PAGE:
Enjoy this selection of inspiring stories by Lou Dean.
- Posted on Aug 20, 2019
Every year, Lou welcomed people from a local youth group to her acre on Blue Mountain in northwest Colorado where she lived with many animals. She would gather everyone around the campfire, where she shared the many lessons of love, patience, and tolerance that her animals taught her.
One July evening, during one of the campfire gatherings, a young man claimed one of Lou’s dogs, Keeper, tried biting him. Lou knew that Keeper would only growl or react to someone if they were taunting her, but rather than question the young man, Lou apologized and put the dog in time-out.
The following summer, the boy returned to Lou’s barn, inclined with a confession that would become another lesson taught by one of Lou’s angels, Keeper.
For five months, Lou was the only female laborer on a pipeline job. Working with an all-male crew, she was conditioned to the jokes. So when the men laughed at her fear of rattlesnakes, she brushed it off.
One afternoon, after most of the workmen had finished and gone home, Lou panicked when she encountered a rattlesnake inside a ditch. The engineer she was working with suggested she take a break to recollect and catch her breath.
She wandered off to a spot where she fell to her knees and prayed. After asking the Lord to help her get through the remaining two weeks of the job, she heard someone approaching. It was a mysterious young man who not only comforted her with words, but continued doing small miracles for her on the job.
After traveling far through a snowstorm to meet with a specialist regarding her inflammation problems, Lou had grown frustrated. She sat in a crowded hotel dining area, eating her complimentary breakfast, when a young man sat at her table. Lou tried her best to avoid small talk, but later felt guilty for cutting him off.
She asked the young man about his writing after noticing the spiral notebook he pulled out of his backpack. He explained to her that he was working on a smile list for his mom who was battling lung cancer. He was listing blessings that would bring his mom comfort from afar. The list, one entry in particular, enlightened Lou who realized meeting the young man was much more than a simple encounter.
Lou was going through a hard time adjusting to life without her son, who moved two thousand miles away to work in North Carolina. She tried her best to remain busy by going through her usual chores on the farm and spending time with her animals.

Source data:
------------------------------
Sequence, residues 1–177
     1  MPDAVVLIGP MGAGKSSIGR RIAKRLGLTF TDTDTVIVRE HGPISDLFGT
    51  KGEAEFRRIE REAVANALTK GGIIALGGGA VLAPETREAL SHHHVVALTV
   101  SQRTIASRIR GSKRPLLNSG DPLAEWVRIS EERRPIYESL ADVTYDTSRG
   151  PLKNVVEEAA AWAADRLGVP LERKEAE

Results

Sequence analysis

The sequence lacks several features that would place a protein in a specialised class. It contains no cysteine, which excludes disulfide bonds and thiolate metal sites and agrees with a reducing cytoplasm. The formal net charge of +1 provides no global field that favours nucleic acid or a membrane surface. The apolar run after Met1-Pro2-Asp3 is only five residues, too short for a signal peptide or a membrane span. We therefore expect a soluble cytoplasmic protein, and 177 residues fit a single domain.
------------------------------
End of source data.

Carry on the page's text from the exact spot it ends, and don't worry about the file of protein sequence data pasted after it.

One day, she went to get dog food out of the tack room, a storeroom in the back of the house, when she noticed a spider building her web on the top corner of the doorway. She grabbed the hoe and quickly tore the web down. The spider returned the following morning and the morning after that, remaining persistent. Lou eventually gave up and grew to admire the spider’s progress the days that followed.
Little did she know, the spider would teach her a special lesson in strength and courage that she would be able to apply to her life.
Lou and her three siblings spent most of their lives learning how to handle their mother’s alcoholism-the mood swings, unpredictable behavior and countless departures and returns. She grew angry with Mama and cut all communication, letting five years pass before writing or calling her again.
It wasn’t until she had a child of her own, when she realized anger wasn’t something she wanted to teach her son. She nervously gave Mama a call and asked if she’d like her to visit. Mama, who continued to struggle with alcoholism, suggested going to church together, a get-together Lou looked forward to doing.
Upon entering Mama’s house, the smell of homemade soup brought Lou back to happier times, when she would cook her famous ‘Angel Soup’ in the kitchen at the old family farm.
Lou learned something about her mother that afternoon, a lesson she carries within her heart, even all these years later.
When Mama passed away, Lou struggled to grieve without feeling angry or confused. She had no words planned for the service honoring her mother, whose addiction had continuously taken her away from her husband and kids. She and her brother, David, planned to scatter Mama’s ashes along the Arkansas River, where the best memories of her were held.
Lou wanted to feel anything but bitterness when thinking of her mom, but she needed God’s help. She fell asleep that night and dreamt of Mama as an innocent, happy child playing by the creek. After waking, she began going through Mama’s belongings and found a box containing books and papers, some of which taught her things about Mama she never knew. These items, along with her dream, gave Lou exactly what she needed, just in time for Mama’s service.
Every aspect of Lou’s life was changing and she was having a hard time adjusting to it all. Her brother, Phillip, left home to join the Air Force, her dad moved to Purcell, Oklahoma after remarrying and selling the family farm, taking Lou away from all of her friends. She was angry at her dad for making them move, angry at her brother for leaving, and even angry at God for ignoring all her prayers to stop all these changes from happening.
Lou’s grandma and her little terrier, Shorty, seemed like the only bright aspects of her life. Thankfully, Grandma also lived in Purcell so Lou and Shorty visited her often. During one of their visits, Grandma pointed out a caterpillar clinging to a leaf among the bushes. Throughout the days that followed, they kept up with the caterpillar until it became a bright, yellow butterfly.
The butterfly taught Lou a big lesson that summer, one that brought her a better understanding and acceptance of her new life.